by Daniel Bates
WHAT: It is a credit-card sized computer, it can connects to a mouse, keyboard, tv or monitor, power plug (you can use from your own mobile if you have a micro connector) and it has the following structure:
You can buy for $25 (without ethernet port) or $35 and despite they do have a backlog, on the conference was announced that it will clear in about a month or two. The demonstration of programming was OK, but the ‘media centre’ similar to X-box was really good. It is without doubt that has great potential for a simple use or for more interesting computing purposes. If you think about giving a presentation somewhere and you don’t want to carry your 1.5kg laptop you can consider carrying a ‘credit card’ and just plug into a screen/mouse/keyboard on the presentation venue. Impressive!
You can get many of your answers if you go to the Raspberry Pi FAQ page.
Cisco and London 2012
by Ian Foddering
Security, reliability and performance of the network infrastructure will be critical, with stability taking precedence over creativity. London 2012 is not about doing anything Cisco has not done before. Rather, it is all about doing what we do, but doing it better than ever.
Cisco are supplying the routing, switching, firewall and IP telephony to approximately 100 venues across the UK including:
- 80,000 connections
- 94 Locations
- 2,220 Switches
- 1800 WAPs
- 7000 Cable TV sockets
- 16,500 IP Phones
- 65,000 active connections
- 4 billion broadcast audience.
- 6,500 Cisco WebEx licences
- Show & Share plus MXE for “knowledge on Demand”
I didn’t know, but London already hosted Olympic games twice, so this will be the third time! Years: 1908, 1948 and 2012!
Cisco is providing connectivity to the Olympic games, it is working with many partners to provide the service and it is expected to be the ‘most connected games ever’. Cloud technology is being used for first time. Even for the monitoring of construction sites and other Olympic-related business the partners/employees are using videos (Cisco call them ‘Show and Share’ so people can make a video of what is going on, hold meetings over internet or phone and discuss the progress of the work). Some of the technologies that are being used is the Cisco Webex (a free account, open to anyone allows 3 people per meeting, 250 MB storage, Standard video, Audio: VoIP (Internet), Share: Desktop, the premium account has more perks, check online if interested… However I wonder what is the real benefit of Webex compared with Skype…)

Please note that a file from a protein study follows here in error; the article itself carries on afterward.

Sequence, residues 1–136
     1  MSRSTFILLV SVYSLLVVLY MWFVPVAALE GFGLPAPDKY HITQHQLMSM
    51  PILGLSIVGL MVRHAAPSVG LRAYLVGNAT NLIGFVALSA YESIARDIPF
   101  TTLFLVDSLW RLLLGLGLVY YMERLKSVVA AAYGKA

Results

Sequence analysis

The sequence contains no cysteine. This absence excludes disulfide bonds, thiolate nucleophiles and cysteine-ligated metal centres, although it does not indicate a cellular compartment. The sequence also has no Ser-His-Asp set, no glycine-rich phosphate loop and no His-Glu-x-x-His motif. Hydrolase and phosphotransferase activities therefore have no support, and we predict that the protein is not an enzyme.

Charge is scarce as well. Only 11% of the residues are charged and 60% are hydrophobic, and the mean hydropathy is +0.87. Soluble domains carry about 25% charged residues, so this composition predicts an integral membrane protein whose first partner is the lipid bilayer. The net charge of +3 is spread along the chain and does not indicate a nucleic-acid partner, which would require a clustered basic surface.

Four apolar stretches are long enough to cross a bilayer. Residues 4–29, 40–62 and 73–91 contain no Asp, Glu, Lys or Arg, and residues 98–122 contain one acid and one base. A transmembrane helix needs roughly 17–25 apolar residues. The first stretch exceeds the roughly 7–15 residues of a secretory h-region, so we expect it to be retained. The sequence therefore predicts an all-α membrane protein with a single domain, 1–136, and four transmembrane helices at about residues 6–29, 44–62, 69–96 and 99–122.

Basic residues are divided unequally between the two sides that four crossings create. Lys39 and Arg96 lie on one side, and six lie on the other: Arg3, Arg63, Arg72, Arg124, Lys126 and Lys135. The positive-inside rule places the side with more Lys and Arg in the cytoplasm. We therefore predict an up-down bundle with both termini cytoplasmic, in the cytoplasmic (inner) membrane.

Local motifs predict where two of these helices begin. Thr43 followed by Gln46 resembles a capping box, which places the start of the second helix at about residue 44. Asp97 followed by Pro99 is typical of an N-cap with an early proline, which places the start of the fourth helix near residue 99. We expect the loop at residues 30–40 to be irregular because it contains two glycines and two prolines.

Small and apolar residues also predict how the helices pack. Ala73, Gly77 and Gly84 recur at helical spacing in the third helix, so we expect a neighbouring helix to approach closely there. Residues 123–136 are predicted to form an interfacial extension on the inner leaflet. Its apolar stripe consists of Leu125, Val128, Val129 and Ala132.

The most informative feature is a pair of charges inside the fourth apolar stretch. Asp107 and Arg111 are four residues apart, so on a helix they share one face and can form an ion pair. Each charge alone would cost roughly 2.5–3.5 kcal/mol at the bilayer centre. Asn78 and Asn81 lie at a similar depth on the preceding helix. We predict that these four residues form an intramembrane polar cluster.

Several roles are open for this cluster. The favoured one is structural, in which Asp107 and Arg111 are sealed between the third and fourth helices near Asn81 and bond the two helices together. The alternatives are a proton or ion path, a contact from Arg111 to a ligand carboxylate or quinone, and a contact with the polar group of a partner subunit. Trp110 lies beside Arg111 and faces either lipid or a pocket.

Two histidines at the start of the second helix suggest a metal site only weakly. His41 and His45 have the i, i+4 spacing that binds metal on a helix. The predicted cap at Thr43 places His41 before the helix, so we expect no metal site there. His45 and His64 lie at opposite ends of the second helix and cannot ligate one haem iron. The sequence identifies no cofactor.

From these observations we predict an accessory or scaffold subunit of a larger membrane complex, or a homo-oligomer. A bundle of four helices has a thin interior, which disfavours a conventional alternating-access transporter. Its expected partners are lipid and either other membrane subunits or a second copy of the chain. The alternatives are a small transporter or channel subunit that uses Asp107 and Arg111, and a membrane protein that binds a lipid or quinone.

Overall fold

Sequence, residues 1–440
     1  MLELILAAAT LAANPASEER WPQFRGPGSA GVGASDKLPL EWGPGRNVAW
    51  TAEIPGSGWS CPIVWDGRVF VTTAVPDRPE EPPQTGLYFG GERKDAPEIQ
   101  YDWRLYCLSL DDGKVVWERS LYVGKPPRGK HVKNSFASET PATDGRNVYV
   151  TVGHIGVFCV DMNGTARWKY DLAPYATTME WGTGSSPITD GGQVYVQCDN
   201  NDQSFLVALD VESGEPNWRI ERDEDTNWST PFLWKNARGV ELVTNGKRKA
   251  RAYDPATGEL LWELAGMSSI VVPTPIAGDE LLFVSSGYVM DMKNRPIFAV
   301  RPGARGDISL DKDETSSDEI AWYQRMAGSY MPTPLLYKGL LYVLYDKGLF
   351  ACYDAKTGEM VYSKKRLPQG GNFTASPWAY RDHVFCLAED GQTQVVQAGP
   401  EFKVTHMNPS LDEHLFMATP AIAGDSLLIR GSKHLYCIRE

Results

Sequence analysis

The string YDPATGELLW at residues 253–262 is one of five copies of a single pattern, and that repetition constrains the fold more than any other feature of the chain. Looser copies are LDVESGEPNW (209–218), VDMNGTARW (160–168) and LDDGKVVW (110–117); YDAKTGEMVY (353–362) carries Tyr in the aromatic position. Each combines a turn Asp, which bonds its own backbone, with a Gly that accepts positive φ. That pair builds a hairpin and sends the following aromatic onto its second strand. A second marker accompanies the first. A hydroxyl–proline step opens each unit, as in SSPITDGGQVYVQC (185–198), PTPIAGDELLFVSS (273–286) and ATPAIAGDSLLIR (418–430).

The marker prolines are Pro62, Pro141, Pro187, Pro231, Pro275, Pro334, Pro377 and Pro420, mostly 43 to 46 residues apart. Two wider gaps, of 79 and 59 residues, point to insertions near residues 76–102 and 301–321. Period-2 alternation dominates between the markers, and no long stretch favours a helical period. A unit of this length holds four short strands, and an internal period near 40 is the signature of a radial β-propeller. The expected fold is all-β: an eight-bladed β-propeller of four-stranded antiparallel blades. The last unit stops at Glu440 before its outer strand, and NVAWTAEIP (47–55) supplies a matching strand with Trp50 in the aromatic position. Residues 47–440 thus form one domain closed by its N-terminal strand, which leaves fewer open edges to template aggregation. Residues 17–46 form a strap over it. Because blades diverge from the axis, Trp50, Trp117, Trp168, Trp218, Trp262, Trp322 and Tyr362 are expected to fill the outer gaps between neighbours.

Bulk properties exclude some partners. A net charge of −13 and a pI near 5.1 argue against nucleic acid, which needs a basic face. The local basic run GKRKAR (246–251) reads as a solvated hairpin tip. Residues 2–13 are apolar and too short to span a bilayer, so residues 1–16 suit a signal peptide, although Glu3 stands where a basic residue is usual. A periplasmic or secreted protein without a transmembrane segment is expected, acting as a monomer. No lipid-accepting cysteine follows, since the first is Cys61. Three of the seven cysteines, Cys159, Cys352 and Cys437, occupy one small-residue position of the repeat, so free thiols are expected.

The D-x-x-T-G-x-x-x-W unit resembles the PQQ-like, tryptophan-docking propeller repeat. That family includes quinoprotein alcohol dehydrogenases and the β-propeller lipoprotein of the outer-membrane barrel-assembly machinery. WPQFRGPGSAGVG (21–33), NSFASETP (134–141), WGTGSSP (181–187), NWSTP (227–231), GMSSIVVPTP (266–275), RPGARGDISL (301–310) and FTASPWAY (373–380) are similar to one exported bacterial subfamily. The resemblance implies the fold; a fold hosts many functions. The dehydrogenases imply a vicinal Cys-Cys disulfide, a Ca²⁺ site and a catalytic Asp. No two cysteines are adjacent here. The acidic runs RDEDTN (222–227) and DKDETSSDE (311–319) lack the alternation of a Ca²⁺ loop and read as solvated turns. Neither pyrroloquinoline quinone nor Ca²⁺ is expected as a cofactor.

Some of the links shared:
Cisco.com/go/videos (which didn’t lead to anywhere… shame on the presenter! maybe try this one??? http://www.cisco.com/web/telepresence/video-conferencing.html
The presentation also mention Cisco and its relation with educational programs/partners. He mentioned the STEM initiative – Stem academy. One of the fronts will help people that might not have a chance to education and skill training (for financial/social reasons) to get the appropriate technological skills preparing them for the future. I like the way the word of “Legacy” appeared and how we should care/prepare to leave a good legacy and carry on our work into the future. The other front is to creates opportunities to inspire young people in Science, Technology, Engineering and Mathematics (STEM).
The presenter also mentioned the National Virtual Incubators and the BIG awards (just now I discovered that BIG stands for British Innovation Gateway! :P)
New digital initiatives at the Bodleian
by Michael Popham
Mike showed the DAMS structure, with emphasis on the preservation section. He showed a few screenshots of projects going on at the BDLSS, such as the Digital Images (Blockbooks), Digital.Bod, ORA (and explained what it is about). Mentioned the BEAM (futureARCH blog) – relating to the preservation theme/discussion; mentioined EMLO and showed a visualisation done with a 50-year-window to demonstrate the letters sent and received at that specific time. Mike also mentioned the scanning process and the workflow changing to BDLSS, making it more dynamic and fast. He showed a few other project screenshots such as Oxford google books, What’s the score? (the crowdsourcing part), mentioned that Bodleian also have an app for the Treasures of Bodleian (how come I just discovered this on the presentation???), the Queen Victoria project. We had questions about editorial on whatsthescore project (how to merge/combine/edit information coming from Zooniverse and how reliable that information is) and someone asked about the image kits/technologies used at the BDLSS.
by Tim Fernando
OUCS will be replacing some structure for the Status.ox using Nagios and other kits (so if Nexus goes down status.ox doesn’t :)). Also replacing Events.ox, they are offering now Telecoms self-service (voicemail over web).
MobileOxford beginning: python, django, postgris; then went open source with Molly project.